Words: Evan Wishloff
Photos: Stirl and Rae Media Haus
Months before the first tire will hit dirt, trail builders are hard at work. Snow has yet to melt, and machinery runs non-stop, working to clear the snow off the trails. Sloppy, muddy, dirty, wet, snowy trails are nowhere near ready to ride. A trail builder starts working.
The melt comes to an end, but that doesn’t mean trails are ready to ride. Winter takes a toll on the dirt. Trail builders' labour continues. They work arduous long days because they know what we all know: riding season in the alpine is short. Only hard work by the unsung heroes of dirt can start the season on time.
Machinery runs, but much of the work must be done by hand - calloused, tired hands. But that doesn’t stop them. Early mornings are spent digging, raking, tamping, and shaping. Preparing.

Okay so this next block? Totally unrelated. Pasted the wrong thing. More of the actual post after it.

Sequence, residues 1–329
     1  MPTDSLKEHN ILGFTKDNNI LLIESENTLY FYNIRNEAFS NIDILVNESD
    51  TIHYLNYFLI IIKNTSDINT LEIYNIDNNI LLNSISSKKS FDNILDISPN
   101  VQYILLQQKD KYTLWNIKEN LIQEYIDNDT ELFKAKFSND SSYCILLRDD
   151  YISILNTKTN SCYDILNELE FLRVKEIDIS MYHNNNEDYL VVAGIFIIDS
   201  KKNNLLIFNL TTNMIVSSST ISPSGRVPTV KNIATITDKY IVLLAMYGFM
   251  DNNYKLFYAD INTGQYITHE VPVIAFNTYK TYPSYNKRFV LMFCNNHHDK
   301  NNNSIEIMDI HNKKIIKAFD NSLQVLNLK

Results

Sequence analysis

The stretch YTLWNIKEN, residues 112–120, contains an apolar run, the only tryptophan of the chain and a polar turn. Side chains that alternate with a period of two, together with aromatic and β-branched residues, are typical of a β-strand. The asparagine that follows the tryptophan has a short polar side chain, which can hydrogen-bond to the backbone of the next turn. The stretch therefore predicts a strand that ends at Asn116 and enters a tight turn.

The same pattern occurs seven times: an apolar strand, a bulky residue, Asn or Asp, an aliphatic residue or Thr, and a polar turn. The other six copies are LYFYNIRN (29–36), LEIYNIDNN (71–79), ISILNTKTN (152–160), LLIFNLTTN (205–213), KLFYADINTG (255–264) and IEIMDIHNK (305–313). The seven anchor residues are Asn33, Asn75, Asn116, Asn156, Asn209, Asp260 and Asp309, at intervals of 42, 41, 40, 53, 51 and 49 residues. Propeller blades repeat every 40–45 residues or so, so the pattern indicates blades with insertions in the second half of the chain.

If you think a trail builder's work is easy, you only have to look at their worn-down boots to be set straight. These boots, and the trail builders that own them, don’t know what easy is. They only know the satisfaction that comes from making something out of nothing - a golden trail unearthed from the soil below, shaped and manicured to perfection.
All of this - the early mornings, long days, calloused hands, worn down boots - is to enable mountain bikers to find fun in the alpine. Big White is open for riding.
But that doesn’t mean the trail builders' work is done. Their work is never done. From clearing, to shaping, to maintaining, a trail builder is always hard at work somewhere behind the scenes.. Creating something from nothing. Enabling two-wheeled fun.
The next time you see a trail builder, thank them. Or better yet, buy them a coffee or beer. They’ve earned it.
Thanks for all your hard work building trails. If I could help I would but I have lower back issues. I used to ride so zi love what you do. Thanks.
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